Gonfalone: Located at 7 Via Gonfalone and housed in a 16th-century building, Gonfalone restaurant offers guests the chance to relax and dine inside before a tall, copper-hooded fireplace or beneath lanterns filled with flickering candles. The scialatielli (fat Neapolitan spaghetti) with clams, fresh zucchini and tomato is a standout, but more familiar combinations such as meatballs and spaghetti with porcini mushrooms are available. Outdoor dining is available.
Hotel Raphael: A favorite of Italian politicians, the ivy-covered Hotel Raphael is located just outside the Piazza Navona, within walking distance of the Pantheon and Spanish Steps. Inside, the lobby is decorated with a museum-quality art collection that includes Picasso ceramics and paintings by Miró and de Chirico. Most of the 50 guestrooms have hardwood floors and antique furnishings, while the two executive floors—designed by renowned architect Richard Meier—are more modern, with oak, leather, and Carrera marble accents. The rooftop restaurant serves Mediterranean cuisine amid panoramic views of the city, including the Pantheon, Piazza di Spagna, and St. Peter’s Basilica.
Ilaria Miani: Started in 1982, this interior design shop takes its namesake from owner Ilaria Miani, an Italian interior designer who is known for her proficiency in Italian rustic architecture and blending ancient and modern designs. Her shop is filled with one-of-a-kind pieces of furniture that range from customizeable sofas to iron tables to wooden desks. There's even a selection of accessories, including lamps, mirrors, and handmade ceramic dinnerware. The more than 200 products are designed to be used both inside and outside and come in assorted finishes, including mahogany, cherrywood, black ebony, silver and gold leaf wood, and iron and laque.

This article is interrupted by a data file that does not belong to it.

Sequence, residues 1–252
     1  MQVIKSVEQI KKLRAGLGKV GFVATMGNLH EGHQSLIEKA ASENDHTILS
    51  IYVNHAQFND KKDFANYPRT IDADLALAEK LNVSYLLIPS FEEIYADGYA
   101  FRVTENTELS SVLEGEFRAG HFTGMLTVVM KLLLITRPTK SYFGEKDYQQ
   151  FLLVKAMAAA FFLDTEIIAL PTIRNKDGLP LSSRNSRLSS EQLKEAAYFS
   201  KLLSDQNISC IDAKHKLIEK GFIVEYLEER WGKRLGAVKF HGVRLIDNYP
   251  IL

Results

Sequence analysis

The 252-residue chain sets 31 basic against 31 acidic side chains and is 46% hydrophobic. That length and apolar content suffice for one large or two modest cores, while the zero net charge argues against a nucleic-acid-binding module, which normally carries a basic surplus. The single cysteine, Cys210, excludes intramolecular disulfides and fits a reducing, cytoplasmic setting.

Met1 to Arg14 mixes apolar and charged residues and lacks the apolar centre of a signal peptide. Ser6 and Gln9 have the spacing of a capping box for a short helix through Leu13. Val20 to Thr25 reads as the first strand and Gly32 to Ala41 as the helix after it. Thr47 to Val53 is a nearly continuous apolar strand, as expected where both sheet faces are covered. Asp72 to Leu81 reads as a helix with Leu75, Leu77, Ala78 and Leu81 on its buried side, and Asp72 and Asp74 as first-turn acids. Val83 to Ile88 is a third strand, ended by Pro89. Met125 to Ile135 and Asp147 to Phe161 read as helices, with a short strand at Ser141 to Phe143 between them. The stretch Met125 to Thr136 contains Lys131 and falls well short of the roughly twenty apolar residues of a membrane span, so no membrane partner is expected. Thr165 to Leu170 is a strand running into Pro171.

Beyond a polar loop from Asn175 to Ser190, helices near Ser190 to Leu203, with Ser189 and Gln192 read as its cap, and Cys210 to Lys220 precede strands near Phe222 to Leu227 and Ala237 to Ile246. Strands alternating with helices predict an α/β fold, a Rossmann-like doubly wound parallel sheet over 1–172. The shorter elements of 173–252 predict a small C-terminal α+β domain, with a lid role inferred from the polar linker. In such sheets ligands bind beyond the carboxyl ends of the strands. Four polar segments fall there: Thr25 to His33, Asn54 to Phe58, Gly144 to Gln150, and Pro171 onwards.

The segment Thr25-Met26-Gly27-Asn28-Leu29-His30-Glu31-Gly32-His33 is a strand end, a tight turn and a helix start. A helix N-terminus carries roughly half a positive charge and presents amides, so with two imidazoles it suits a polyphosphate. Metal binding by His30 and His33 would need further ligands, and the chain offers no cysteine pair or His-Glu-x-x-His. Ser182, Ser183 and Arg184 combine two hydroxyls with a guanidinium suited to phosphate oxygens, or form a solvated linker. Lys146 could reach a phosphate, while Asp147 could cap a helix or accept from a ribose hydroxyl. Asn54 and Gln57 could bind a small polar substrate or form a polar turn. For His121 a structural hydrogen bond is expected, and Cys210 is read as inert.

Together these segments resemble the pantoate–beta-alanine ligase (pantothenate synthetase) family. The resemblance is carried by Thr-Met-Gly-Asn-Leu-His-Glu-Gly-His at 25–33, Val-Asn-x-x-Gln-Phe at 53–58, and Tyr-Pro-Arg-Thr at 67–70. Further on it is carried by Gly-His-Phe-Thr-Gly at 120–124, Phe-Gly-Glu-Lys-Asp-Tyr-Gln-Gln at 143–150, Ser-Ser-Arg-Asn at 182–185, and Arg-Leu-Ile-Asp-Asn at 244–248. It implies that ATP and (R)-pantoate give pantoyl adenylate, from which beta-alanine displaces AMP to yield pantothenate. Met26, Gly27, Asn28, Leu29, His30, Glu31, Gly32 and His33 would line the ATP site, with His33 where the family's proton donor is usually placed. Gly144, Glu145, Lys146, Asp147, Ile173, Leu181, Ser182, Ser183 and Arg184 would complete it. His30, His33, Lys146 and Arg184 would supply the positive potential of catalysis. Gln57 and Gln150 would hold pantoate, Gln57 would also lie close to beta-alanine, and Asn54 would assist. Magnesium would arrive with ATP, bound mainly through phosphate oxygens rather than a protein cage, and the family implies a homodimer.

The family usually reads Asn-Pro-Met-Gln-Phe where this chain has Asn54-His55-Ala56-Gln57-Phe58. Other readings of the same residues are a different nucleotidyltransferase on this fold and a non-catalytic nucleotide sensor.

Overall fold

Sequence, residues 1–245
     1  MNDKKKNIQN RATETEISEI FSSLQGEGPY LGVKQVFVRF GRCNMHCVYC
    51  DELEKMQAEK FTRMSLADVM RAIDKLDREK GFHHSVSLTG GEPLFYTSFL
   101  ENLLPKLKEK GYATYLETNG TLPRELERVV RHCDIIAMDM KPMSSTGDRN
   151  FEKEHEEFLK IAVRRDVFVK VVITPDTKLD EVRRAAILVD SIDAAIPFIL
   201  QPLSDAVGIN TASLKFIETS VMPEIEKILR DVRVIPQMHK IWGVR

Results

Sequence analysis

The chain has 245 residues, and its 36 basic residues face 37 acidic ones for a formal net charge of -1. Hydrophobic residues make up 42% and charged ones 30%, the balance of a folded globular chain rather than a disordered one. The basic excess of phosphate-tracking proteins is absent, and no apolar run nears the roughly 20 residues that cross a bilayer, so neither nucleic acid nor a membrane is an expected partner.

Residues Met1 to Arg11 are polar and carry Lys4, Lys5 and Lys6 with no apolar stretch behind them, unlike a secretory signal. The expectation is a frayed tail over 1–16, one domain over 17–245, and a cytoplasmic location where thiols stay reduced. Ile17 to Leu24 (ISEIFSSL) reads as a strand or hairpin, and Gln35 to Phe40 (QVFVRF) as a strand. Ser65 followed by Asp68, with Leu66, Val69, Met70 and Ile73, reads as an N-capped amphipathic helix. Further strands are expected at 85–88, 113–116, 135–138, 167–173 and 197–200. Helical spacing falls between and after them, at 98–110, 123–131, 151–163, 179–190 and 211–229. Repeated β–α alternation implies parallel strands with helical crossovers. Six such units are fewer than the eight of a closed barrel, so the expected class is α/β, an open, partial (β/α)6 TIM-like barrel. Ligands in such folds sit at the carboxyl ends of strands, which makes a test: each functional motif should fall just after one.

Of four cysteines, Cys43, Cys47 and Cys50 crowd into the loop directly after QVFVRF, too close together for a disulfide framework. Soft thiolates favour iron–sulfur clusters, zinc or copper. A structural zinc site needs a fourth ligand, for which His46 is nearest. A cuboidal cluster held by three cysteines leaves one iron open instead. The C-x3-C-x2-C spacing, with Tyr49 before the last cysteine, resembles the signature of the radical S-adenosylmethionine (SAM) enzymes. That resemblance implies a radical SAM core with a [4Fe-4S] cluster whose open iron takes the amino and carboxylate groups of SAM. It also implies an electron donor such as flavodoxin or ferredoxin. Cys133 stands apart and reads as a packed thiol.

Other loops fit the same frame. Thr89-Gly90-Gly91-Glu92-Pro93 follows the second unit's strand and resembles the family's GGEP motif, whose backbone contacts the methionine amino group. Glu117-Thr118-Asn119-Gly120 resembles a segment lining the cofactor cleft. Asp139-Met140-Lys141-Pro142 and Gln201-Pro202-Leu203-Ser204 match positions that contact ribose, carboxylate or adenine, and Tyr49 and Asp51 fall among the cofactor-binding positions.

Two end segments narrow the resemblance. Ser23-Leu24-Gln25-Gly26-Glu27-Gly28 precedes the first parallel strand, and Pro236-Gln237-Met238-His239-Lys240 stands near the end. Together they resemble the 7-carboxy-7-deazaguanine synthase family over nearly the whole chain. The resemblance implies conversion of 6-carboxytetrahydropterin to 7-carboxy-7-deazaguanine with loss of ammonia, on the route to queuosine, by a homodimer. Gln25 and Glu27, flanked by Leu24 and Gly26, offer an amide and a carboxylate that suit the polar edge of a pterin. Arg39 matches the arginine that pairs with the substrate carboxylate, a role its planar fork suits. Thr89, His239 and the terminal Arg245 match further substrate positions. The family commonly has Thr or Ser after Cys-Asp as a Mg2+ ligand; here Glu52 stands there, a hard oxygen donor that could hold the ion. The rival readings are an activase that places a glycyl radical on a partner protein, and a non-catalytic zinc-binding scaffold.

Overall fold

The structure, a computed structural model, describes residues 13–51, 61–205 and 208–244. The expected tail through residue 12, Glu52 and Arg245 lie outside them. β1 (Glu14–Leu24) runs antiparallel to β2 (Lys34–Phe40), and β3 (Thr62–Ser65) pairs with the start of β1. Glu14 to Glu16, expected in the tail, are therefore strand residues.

Josephine de Huertas & Co: A peek in the window reveals light pink walls, soft lighting, and minimal decor because at Josephine de Huertas & Co., it’s all about the clothes, accessories, and shoes, of course. This is where Romans get their fix of designers like Chloé, Missoni, Alberta Ferretti, and Anya Hindmarch. The shop is owned by fashion designers Josephine de Huertas and Mauro Crachi, who hand-pick quality collections for the shop, and around the corner is Josephine de Huertas Enfant, a children’s clothing boutique with furnishings, toys, games, and French collections like Paradis Blanc.
Pierluigi: Established in 1938, Pierluigi continues to serve authentic Italian food Campo dei Fiori neighborhood of Rome with a commitment to seasonality, tradition and creativity. Enjoy handmade gelato on the sun-drenched, cobblestoned piazza, or entrées like tenderized cutlets with cream, cognac, and red peppers and sardine spaghetti with pine nuts, fennel, and raisins inside the amber-accented dining room. Dinner can be paired with a selection from the restaurant wine list of 450 labels—everything from Pinot Noir to Tignanello. Accustomed to guests from all over the world, Pierluigi servers speak several languages.